Another strategy to help you get started is to have a regular time in your schedule to devote specifically to downsizing. You can be as flexible as you need to. Maybe it’s 20 minutes every day, or perhaps it’s one hour three times a week. Mark it on your calendar and mentally prepare yourself for the task at hand.

What to Do with Your Parent’s Belongings

As for the logistics of what will happen to each item, you and your parent have several options to choose from. As you go through belongings, it can help to label each item with its intended destination.

Here are some suggestions:

Move it to Their New Home

Depending on how much space your parent will have in their new home, this will likely be a small group of items. Essentials like dishware, toiletries, and floor or table lamps are good examples of items to pack for the move.

Related: Packing List: What to Bring With You For a Move to an Assisted Living Community >>

Give it to a Family Member or Friend

For items your parent may be sentimentally attached to, gifting them to various family members or friends could be a good option. This may also be ideal for family heirlooms that your loved one wants to stay in the family.

With your loved one’s permission, have several family members over to their current house and invite them to choose any items they may like to have. In addition to finding a new home for some of these treasured belongings, this will give your parent an opportunity to share memories and stories behind such items with family members.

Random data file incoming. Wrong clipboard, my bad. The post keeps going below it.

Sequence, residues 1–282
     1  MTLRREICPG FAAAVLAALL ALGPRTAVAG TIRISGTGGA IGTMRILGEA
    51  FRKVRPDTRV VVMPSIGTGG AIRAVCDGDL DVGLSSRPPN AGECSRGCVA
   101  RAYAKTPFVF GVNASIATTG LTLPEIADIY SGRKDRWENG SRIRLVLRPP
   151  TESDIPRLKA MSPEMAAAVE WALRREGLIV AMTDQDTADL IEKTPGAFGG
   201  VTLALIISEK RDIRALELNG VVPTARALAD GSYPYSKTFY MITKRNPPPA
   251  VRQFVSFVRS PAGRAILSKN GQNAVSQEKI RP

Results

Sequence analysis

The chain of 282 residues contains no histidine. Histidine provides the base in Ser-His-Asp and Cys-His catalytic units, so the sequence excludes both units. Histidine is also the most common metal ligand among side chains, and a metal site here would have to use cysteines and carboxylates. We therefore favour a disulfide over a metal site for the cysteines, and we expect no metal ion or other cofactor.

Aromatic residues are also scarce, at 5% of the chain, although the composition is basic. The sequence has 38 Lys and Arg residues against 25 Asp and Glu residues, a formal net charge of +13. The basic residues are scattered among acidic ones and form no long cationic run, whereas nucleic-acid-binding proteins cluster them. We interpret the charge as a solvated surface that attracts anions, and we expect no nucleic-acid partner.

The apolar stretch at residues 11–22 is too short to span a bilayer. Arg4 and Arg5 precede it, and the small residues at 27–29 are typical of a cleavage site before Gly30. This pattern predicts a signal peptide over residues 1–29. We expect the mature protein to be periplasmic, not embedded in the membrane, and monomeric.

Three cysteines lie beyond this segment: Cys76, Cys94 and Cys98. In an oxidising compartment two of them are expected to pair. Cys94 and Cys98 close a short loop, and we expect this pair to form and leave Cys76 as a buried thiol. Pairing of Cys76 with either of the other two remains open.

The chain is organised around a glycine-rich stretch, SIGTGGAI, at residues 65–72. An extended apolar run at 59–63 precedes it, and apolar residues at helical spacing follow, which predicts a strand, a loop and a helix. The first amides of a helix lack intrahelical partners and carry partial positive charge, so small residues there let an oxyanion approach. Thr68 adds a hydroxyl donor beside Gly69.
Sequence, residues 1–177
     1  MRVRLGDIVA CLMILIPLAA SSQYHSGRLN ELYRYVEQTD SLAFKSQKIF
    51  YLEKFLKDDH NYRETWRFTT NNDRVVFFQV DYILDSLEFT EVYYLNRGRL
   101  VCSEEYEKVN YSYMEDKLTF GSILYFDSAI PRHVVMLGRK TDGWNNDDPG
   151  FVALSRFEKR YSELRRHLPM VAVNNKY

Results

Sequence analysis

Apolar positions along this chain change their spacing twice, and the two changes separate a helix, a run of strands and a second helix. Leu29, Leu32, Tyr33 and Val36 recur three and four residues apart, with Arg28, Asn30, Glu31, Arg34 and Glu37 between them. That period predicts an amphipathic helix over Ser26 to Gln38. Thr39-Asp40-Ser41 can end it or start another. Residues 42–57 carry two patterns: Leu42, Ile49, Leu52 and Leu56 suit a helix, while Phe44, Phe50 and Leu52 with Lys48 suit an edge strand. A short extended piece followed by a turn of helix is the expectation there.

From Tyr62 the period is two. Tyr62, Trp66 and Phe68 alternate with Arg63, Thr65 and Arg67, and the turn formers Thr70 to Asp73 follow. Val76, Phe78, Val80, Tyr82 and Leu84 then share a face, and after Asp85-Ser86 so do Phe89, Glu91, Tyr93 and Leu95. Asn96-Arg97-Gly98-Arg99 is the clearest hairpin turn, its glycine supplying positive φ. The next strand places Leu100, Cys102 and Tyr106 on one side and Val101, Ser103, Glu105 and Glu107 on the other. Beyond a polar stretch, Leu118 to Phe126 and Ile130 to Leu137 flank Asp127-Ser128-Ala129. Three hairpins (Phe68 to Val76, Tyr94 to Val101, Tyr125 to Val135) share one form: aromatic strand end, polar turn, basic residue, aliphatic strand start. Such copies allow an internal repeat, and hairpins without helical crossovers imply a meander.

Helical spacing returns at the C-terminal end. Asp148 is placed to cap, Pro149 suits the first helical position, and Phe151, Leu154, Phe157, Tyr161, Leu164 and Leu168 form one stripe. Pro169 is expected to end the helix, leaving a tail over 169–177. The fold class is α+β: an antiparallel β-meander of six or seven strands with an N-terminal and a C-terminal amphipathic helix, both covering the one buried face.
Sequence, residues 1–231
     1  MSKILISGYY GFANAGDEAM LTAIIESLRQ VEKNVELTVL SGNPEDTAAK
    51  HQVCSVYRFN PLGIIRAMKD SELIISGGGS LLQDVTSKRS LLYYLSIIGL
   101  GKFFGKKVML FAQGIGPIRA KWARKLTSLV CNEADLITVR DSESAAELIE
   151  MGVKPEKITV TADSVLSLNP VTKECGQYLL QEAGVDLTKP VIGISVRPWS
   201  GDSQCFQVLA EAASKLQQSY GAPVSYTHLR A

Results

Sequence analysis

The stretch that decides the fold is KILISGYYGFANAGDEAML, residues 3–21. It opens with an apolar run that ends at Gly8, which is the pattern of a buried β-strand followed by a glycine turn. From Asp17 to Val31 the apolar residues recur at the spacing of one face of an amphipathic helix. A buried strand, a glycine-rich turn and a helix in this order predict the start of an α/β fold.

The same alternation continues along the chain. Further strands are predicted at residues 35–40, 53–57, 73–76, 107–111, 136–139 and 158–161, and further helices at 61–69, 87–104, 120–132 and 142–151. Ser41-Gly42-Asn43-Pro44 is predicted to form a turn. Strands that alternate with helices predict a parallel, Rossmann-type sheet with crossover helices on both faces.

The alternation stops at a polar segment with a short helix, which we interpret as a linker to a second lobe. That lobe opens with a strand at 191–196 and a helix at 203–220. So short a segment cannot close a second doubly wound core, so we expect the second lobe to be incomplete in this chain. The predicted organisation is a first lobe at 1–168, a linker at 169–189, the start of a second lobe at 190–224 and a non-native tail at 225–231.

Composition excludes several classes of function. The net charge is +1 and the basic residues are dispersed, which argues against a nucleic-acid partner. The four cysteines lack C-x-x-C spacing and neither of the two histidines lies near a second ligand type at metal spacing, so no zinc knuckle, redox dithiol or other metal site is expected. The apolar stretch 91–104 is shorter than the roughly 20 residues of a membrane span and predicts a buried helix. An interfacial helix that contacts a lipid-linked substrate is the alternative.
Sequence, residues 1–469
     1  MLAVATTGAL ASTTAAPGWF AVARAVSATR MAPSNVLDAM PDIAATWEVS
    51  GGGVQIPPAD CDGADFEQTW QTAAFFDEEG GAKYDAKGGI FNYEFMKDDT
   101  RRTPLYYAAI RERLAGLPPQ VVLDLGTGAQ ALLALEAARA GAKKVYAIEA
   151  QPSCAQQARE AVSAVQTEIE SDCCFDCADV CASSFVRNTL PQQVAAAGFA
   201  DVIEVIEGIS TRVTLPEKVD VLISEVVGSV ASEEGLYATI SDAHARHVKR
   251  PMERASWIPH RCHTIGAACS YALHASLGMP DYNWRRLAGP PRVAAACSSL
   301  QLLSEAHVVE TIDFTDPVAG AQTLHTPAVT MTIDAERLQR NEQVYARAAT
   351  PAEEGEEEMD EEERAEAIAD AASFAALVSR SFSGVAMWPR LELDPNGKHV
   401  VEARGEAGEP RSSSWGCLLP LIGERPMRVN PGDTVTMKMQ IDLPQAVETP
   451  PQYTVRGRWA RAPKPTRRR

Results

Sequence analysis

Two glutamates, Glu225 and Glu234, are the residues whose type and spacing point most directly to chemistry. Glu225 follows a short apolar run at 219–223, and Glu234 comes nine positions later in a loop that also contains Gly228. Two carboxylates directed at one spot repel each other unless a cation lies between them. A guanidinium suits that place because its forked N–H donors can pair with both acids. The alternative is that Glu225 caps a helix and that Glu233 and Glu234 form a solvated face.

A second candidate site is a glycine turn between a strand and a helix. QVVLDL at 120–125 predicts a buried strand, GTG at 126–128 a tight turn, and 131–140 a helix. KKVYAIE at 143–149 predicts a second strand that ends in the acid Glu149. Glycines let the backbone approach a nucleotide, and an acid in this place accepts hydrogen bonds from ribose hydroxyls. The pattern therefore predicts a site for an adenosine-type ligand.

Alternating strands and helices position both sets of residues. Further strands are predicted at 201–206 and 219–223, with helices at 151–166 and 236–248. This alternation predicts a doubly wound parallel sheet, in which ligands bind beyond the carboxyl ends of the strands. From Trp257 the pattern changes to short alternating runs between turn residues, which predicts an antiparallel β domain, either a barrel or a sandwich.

Donate it to a Charity

Donation is another great option for items your loved one doesn’t need but are still in good, usable condition. Choosing to donate can give both you and your loved one a feeling of “paying it forward” to others in need. To make it even easier, you can often work with charities to arrange a pickup ― sometimes directly from your loved one’s home.

Here are some possible charities and services in the tri-state area to consider donating to:

Sell it - Online or Locally

You will probably want to reserve this option for items that have monetary or collectible value. Jewelry, collectibles, and antiques are all items that fit into these categories.

Of course, there are many ways to go about selling. You can opt for a more traditional route by holding an estate sale or auction, which will move larger quantities of items, or you can pick and choose select items and sell them online or locally.

Where to Get Help with Downsizing and Decluttering

If you and your loved one are finding the downsizing process to be unmanageable, it may be time to seek out some help from experts. Senior move managers are experienced in all aspects of the senior move process, from downsizing to settling in after the move. You can find a directory of senior move managers in your area by checking out this tool from the National Association of Senior & Specialty Move Managers.

Find More Caregiving Resources at The Bristal Blog

If you found this information helpful, check out other useful articles on topics like caregiving, transitioning to assisted living, and Alzheimer’s and dementia. To get started, here are some more tips for decluttering and downsizing, and downsizing suggestions for seniors.